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Change lives. Change organizations. Change the world.
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The power of social norms has been used to promote energy conservation and other prosocial outcomes. From studies involving the reuse of hotel towels, energy consumption in towns, and the reduction of theft at national forests, UCLA Anderson School of Management Professor Noah Goldstein demonstrates that individuals are greatly influenced when they know how peers behave in the same situation. This presents an opportunity for marketers, managers and policymakers to craft messages that encourage positive activity. Goldstein spoke at Small Steps, Great Leaps, a special research briefing convened by Professor Francis Flynn and Jennifer Aaker and their colleagues in the field of prosocial behavior. They presented practical, and cost-effective solutions for encouraging donations, volunteerism, social activism, and other responsible, caring, and prosocial behaviors.
Noah J. Goldstein is Assistant Professor of Human Resources and Organizational Behavior at the UCLA Anderson School of Management. Goldstein joined the UCLA faculty after serving on the faculty of The University of Chicago Graduate School of Business.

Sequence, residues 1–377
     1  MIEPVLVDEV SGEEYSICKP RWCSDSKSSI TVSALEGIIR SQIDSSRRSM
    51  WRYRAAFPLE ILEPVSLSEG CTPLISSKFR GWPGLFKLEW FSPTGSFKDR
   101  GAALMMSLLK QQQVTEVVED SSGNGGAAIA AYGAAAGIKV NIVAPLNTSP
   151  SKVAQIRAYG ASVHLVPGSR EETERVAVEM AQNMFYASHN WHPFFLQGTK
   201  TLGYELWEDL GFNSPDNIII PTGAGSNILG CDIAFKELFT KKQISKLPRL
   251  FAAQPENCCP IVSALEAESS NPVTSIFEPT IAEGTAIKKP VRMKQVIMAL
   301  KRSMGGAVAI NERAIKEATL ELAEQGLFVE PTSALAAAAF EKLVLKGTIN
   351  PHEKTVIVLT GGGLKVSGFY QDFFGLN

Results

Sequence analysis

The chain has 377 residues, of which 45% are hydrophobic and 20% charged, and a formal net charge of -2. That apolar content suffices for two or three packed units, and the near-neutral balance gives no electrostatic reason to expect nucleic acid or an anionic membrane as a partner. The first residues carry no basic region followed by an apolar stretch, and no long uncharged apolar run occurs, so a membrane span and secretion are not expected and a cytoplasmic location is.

Goldstein’s primary line of research involves the study of the factors that lead people to change not only their attitudes and opinions, but also their behaviors. His scholarly research and writing on the topics of persuasion, conformity, and compliance have been published in academic outlets such as Journal of Personality and Social Psychology, Journal of Consumer Research, Journal of Marketing Research, and Sloan Management Review, and in a recent book entitled Yes. He is also interested in several other research lines, such as examining the antecedents and consequences of feeling psychologically close to other individuals.
Goldstein has consulted for a number of private and public institutions, including Accenture, the United States Forest Service, and the United States Census Bureau. He has taught Managing & Leadership Organizations and Leadership Foundations I to MBA students at UCLA Anderson.